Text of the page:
According to The Consul General of the Peoples’ Republic of China to Nigeria, Mr. Chao Xiaoliang “China-Nigeria bilateral trade volume reached 10 billion USD from January to August 2017, and investment from China reached $2.7 billion dollars.”

Even as China insists that the cooperation has tremendously helped in promoting peace, stability and development of Africa and the world, Nigeria is yet to have a solid base in the balance of payment and balance of trade status of both countries.

It is believe that the bilateral cooperation should result in a win-win affair; the case is different, as Nigeria remains at the receiving end without the grace of boasting of giving out anything in exchange. Most Chinese expatriates in Nigeria are in leadership position and call the shots as against Nigerians in China who are practically instruction takers. What these means is that the Chinese cooperate with Nigeria in many areas, dishes loans out and are in the forefront of executing whatever projects initiated. Nigeria is nowhere in the scheme of things other than to receive and continue to receive – no relative economic impact. The unbalance affair is what gave rise to the influx of sub-standard Chinese goods in Nigeria, which has basically silenced the SMEs.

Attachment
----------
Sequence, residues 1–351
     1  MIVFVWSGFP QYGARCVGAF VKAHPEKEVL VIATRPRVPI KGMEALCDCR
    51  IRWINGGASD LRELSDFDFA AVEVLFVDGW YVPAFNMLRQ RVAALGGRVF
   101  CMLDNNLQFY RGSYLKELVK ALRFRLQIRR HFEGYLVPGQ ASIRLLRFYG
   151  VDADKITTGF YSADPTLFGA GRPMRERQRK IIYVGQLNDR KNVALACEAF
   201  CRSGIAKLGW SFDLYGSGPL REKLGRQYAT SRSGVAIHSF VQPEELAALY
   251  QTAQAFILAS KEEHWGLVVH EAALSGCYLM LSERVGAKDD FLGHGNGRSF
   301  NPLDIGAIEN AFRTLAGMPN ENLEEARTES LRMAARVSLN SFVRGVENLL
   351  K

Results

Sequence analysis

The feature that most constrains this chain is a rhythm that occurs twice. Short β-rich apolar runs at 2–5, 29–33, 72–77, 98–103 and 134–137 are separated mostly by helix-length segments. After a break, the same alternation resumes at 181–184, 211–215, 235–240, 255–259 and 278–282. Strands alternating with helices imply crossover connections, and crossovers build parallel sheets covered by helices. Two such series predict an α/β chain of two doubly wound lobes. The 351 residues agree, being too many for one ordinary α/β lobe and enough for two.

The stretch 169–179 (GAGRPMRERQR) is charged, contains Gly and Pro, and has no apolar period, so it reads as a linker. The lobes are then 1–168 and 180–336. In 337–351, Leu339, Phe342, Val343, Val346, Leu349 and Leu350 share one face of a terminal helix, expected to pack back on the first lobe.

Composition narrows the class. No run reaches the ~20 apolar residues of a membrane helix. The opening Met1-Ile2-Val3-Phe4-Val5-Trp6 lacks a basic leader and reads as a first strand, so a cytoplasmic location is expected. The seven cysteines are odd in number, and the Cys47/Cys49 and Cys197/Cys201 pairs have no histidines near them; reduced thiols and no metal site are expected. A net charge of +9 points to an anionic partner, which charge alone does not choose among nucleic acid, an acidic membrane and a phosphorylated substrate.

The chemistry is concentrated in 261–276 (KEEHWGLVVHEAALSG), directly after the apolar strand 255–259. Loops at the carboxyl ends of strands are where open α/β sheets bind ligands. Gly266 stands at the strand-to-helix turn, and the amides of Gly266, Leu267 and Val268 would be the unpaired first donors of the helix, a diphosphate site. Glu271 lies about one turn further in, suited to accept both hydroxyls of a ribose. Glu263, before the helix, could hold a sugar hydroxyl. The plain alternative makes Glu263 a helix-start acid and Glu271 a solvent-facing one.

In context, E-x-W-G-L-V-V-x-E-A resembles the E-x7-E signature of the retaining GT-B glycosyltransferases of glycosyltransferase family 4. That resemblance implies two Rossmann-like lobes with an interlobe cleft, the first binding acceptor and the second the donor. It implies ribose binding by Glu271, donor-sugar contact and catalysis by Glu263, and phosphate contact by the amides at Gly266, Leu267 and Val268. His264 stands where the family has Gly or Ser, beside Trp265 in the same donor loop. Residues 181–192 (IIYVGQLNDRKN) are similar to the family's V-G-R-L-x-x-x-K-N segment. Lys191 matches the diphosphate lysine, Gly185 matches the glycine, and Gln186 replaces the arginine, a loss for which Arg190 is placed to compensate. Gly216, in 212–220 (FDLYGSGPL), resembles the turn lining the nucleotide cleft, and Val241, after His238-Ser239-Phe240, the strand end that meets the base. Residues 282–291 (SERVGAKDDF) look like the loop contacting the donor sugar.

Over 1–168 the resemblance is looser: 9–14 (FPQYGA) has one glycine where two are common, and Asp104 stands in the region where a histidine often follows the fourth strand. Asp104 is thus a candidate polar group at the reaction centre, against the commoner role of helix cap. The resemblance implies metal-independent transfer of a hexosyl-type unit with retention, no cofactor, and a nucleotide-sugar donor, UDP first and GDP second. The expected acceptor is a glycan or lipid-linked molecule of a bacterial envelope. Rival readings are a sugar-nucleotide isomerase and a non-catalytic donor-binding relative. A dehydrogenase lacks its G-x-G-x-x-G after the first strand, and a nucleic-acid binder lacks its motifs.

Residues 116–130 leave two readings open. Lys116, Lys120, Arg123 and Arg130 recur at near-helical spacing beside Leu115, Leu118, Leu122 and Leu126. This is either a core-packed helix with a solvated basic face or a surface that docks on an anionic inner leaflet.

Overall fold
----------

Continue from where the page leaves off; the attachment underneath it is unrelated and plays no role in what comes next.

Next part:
The Chinese CG has intimated that the two countries have gained fruitful achievements from their ‘friendly and mutually beneficial cooperation’ in various facets of the countries’ economy, the fact remains that one is far ahead of the other.